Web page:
Pocky Cake with Herringbone Decoration
Updated: Feb 6, 2021
*This post is not affiliated with, sponsored by, or endorsed by Pocky in any way (but Pocky if you’re reading this I’d love to work with you!). This post contains Amazon Affiliate links that may earn me a commission if you click to purchase. K thnx!
My Pocky cake uses four flavors of Pocky sticks - Matcha, Strawberry, Cookies n’ Cream, and Chocolate - to create a herringbone pattern design around the outside of the cake. Inside the cake flavor is matcha cake with strawberry filling and strawberry Swiss buttercream.
Instructions for how to do the herringbone design using Pocky sticks and the recipe for how to make matcha cake are below. I used a Swiss buttercream frosting but I think a light mousse or whipped cream frosting would taste even better to balance the sweetness of the Pocky!
Mix and match any flavor combination of cake, frosting and Pocky you’d like to create different color patterns and textures. Here’s some ideas that pair with Pocky flavors:
Banana Chocolate with chocolate cake, banana buttercream (or banana cake and chocolate buttercream), and Banana Chocolate and Cookies n’ Cream Pocky sticks. Dare you add peanut butter mousse as the filling?
Strawberry Chocolate with chocolate cake, strawberry mousse and Strawberry, Chocolate, and Cookies n’ Cream Pocky sticks. Fresh strawberries inside the cake filling would be wonderful!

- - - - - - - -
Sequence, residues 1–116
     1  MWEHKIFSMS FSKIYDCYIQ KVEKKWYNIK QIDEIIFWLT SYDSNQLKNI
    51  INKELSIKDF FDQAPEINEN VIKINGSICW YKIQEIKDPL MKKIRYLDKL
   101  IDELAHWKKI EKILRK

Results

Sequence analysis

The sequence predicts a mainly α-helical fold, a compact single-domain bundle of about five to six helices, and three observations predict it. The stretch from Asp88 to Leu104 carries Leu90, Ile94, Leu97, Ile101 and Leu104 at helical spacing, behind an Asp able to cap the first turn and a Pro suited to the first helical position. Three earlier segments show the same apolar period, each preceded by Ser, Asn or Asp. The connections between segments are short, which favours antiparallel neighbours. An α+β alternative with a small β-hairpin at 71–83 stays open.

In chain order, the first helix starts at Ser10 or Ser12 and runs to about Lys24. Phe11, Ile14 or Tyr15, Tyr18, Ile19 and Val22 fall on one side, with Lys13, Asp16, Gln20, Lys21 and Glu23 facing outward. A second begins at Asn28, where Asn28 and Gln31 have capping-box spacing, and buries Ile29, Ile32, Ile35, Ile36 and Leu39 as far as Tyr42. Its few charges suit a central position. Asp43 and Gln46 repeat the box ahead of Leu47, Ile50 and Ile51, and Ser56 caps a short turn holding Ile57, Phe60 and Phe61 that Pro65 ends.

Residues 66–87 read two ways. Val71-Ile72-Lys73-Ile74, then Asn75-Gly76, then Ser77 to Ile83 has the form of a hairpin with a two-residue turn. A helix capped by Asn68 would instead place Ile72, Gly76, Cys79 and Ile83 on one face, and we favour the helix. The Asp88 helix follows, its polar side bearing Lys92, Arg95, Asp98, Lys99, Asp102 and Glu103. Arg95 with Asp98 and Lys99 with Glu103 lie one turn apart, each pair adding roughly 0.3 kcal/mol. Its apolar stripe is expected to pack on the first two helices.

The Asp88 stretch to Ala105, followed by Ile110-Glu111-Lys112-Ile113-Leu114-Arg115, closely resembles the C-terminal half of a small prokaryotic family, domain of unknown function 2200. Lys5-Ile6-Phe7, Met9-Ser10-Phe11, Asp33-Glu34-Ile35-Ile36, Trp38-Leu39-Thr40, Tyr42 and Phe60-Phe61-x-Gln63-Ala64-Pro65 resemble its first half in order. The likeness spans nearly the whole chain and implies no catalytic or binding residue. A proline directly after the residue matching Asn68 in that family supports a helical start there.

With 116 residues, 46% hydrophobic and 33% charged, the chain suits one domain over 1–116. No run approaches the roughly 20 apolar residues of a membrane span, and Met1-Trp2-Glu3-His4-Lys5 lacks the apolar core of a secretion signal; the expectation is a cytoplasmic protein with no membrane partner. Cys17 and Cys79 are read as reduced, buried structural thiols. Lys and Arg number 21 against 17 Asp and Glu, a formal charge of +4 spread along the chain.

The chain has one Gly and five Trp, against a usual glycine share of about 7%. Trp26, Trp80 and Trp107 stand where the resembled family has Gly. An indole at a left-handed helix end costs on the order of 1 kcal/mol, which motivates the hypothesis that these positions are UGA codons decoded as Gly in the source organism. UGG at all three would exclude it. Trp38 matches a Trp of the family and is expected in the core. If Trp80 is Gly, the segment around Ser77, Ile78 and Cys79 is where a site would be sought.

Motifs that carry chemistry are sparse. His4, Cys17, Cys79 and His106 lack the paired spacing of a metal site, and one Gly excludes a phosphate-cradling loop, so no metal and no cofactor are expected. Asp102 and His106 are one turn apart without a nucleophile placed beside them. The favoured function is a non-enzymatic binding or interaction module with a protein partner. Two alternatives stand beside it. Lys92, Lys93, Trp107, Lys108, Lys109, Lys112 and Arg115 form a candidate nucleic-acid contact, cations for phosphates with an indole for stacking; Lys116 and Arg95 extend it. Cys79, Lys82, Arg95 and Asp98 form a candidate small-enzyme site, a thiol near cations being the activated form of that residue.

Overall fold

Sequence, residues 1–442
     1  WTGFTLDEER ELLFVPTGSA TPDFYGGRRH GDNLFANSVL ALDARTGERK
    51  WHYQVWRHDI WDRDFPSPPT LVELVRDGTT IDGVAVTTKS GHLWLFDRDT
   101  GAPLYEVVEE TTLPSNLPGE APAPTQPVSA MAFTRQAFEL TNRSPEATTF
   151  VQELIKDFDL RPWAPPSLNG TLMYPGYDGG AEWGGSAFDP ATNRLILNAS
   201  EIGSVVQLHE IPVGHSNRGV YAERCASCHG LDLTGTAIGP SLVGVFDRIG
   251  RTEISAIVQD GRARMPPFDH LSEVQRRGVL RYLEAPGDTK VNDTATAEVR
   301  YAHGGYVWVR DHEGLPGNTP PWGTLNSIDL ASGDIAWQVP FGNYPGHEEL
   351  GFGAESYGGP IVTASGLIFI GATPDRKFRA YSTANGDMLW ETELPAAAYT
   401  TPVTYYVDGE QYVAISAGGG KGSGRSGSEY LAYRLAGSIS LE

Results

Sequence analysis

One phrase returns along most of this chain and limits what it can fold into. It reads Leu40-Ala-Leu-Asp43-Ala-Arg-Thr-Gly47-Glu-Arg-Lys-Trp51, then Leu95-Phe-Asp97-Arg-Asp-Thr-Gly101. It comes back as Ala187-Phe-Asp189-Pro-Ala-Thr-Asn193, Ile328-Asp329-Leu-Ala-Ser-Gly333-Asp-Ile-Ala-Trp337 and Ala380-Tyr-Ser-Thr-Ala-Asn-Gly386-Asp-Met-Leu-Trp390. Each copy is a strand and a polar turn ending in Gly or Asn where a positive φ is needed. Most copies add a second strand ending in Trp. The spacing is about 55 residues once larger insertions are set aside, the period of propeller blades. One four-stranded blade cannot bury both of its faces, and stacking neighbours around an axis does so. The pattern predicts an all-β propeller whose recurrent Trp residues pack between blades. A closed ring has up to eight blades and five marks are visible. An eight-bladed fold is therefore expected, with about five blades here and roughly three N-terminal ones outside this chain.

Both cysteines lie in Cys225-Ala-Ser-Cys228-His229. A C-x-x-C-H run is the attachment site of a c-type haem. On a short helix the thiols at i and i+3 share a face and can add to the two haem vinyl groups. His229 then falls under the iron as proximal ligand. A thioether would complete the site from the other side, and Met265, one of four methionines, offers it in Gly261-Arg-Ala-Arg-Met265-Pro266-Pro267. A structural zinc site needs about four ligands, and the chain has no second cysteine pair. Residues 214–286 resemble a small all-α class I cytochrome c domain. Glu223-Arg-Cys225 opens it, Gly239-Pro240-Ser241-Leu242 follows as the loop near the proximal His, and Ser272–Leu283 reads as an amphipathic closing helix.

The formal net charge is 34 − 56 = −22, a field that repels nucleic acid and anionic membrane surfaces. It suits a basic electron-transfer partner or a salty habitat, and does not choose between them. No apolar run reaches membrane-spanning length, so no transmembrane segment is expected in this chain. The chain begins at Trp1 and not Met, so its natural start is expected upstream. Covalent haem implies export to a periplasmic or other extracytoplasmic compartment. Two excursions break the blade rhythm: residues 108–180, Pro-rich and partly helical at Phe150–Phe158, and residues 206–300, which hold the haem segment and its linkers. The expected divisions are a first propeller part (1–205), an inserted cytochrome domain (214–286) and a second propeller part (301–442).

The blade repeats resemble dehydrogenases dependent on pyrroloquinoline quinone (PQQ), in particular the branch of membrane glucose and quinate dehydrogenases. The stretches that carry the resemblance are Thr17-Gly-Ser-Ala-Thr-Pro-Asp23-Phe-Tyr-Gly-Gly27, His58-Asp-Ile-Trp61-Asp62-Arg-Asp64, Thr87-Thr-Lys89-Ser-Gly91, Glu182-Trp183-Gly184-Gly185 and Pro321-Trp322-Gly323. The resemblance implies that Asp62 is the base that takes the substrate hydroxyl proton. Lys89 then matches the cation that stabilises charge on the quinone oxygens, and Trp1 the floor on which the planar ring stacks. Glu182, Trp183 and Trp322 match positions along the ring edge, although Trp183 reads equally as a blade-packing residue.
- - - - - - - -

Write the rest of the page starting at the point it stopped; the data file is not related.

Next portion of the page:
Matcha Cream with matcha cake, white chocolate mousse, and Matcha and Cookies n’ Cream Pocky sticks.
Chocolate Almond with chocolate cake, almond frosting, and Almond Crush Pocky sticks.
What is Pocky?
Pocky is a chocolate and candy cream coated biscuit snack from Japan. As a kid, I’d get it at the local Asian grocery store and it was a treat that I’d enjoy usually during road trips with my parents. The long, thin, crunchy biscuit sticks are dipped in chocolate and it’s a light yet sweet snack. The original flavor is chocolate but now there are over 50 flavors of Pocky including strawberry, matcha, banana, almond crush, and cookies n’ cream. The name "Pocky" comes from the sound its creators said it makes when you eat it: “Pokkin.” You can hear the “pokkin” sound at the end of my Pocky Cake episode.
A herringbone pattern is a distinctive v-shaped weaving pattern with a broken zigzag. You’ll see the pattern in fabrics, tile, and flooring. The pattern is called herringbone because it resembles the skeleton of a herring fish. During the Roman empire stones were placed in this pattern to create durable paved roads, Ancient Egyptians used the pattern in jewelry, and today it’s most commonly found in fabric and interior home design.
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How to Make a Herringbone Pattern on Cake Using Pocky Sticks
1. Using a sharp knife, trim the Pocky sticks into equal 1-inch or longer pieces. Each Pocky stick is approximately 5-inches long. The dipped chocolate part is 4-inches long. If you cut longer pieces, the herringbone pattern will be larger. Reserve the dipped color sections, set aside the plain biscuit end for snacking.
2. Cover your cake with frosting and chill it in the fridge for at least a couple hours. Cold cake and frosting is easier to work with. Your frosting should be neat but does not need to be perfect since the Pocky will cover most of it.